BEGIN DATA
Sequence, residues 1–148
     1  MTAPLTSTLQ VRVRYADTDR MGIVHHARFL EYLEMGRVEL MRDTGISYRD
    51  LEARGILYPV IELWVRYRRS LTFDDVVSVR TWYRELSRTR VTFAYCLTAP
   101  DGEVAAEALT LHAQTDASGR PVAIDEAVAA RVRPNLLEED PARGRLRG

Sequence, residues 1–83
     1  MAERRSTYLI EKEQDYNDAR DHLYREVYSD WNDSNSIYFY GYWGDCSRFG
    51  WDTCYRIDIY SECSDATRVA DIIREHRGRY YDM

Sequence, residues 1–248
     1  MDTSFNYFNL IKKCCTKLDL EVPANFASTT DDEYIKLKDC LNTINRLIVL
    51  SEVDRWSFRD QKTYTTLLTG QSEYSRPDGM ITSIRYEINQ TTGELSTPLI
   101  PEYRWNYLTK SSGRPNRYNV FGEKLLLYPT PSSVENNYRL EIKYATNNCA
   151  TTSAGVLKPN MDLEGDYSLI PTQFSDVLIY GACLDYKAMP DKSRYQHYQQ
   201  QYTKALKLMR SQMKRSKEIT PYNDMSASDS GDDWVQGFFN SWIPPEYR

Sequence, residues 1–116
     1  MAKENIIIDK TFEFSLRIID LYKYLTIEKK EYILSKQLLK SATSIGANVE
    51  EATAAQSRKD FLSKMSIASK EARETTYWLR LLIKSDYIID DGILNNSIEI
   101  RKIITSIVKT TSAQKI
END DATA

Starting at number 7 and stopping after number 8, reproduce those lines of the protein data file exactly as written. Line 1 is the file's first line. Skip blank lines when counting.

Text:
    51  WDTCYRIDIY SECSDATRVA DIIREHRGRY YDM

Sequence, residues 1–248